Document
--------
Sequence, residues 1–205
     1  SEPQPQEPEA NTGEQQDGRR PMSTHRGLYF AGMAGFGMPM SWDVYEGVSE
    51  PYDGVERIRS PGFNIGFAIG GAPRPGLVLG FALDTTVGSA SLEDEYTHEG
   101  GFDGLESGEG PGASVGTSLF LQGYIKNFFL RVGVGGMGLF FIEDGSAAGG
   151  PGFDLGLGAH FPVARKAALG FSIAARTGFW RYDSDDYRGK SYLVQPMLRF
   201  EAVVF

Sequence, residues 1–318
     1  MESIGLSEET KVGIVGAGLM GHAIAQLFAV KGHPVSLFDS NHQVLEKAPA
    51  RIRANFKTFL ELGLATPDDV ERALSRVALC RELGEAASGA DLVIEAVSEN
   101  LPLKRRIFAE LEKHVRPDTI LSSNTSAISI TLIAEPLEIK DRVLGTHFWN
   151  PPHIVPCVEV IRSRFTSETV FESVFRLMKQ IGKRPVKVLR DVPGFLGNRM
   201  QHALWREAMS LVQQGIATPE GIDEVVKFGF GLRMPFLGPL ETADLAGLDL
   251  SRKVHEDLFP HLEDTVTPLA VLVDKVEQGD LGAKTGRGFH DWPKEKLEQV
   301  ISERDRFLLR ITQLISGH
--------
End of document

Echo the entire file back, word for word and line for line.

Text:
Sequence, residues 1–205
     1  SEPQPQEPEA NTGEQQDGRR PMSTHRGLYF AGMAGFGMPM SWDVYEGVSE
    51  PYDGVERIRS PGFNIGFAIG GAPRPGLVLG FALDTTVGSA SLEDEYTHEG
   101  GFDGLESGEG PGASVGTSLF LQGYIKNFFL RVGVGGMGLF FIEDGSAAGG
   151  PGFDLGLGAH FPVARKAALG FSIAARTGFW RYDSDDYRGK SYLVQPMLRF
   201  EAVVF

Sequence, residues 1–318
     1  MESIGLSEET KVGIVGAGLM GHAIAQLFAV KGHPVSLFDS NHQVLEKAPA
    51  RIRANFKTFL ELGLATPDDV ERALSRVALC RELGEAASGA DLVIEAVSEN
   101  LPLKRRIFAE LEKHVRPDTI LSSNTSAISI TLIAEPLEIK DRVLGTHFWN
   151  PPHIVPCVEV IRSRFTSETV FESVFRLMKQ IGKRPVKVLR DVPGFLGNRM
   201  QHALWREAMS LVQQGIATPE GIDEVVKFGF GLRMPFLGPL ETADLAGLDL
   251  SRKVHEDLFP HLEDTVTPLA VLVDKVEQGD LGAKTGRGFH DWPKEKLEQV
   301  ISERDRFLLR ITQLISGH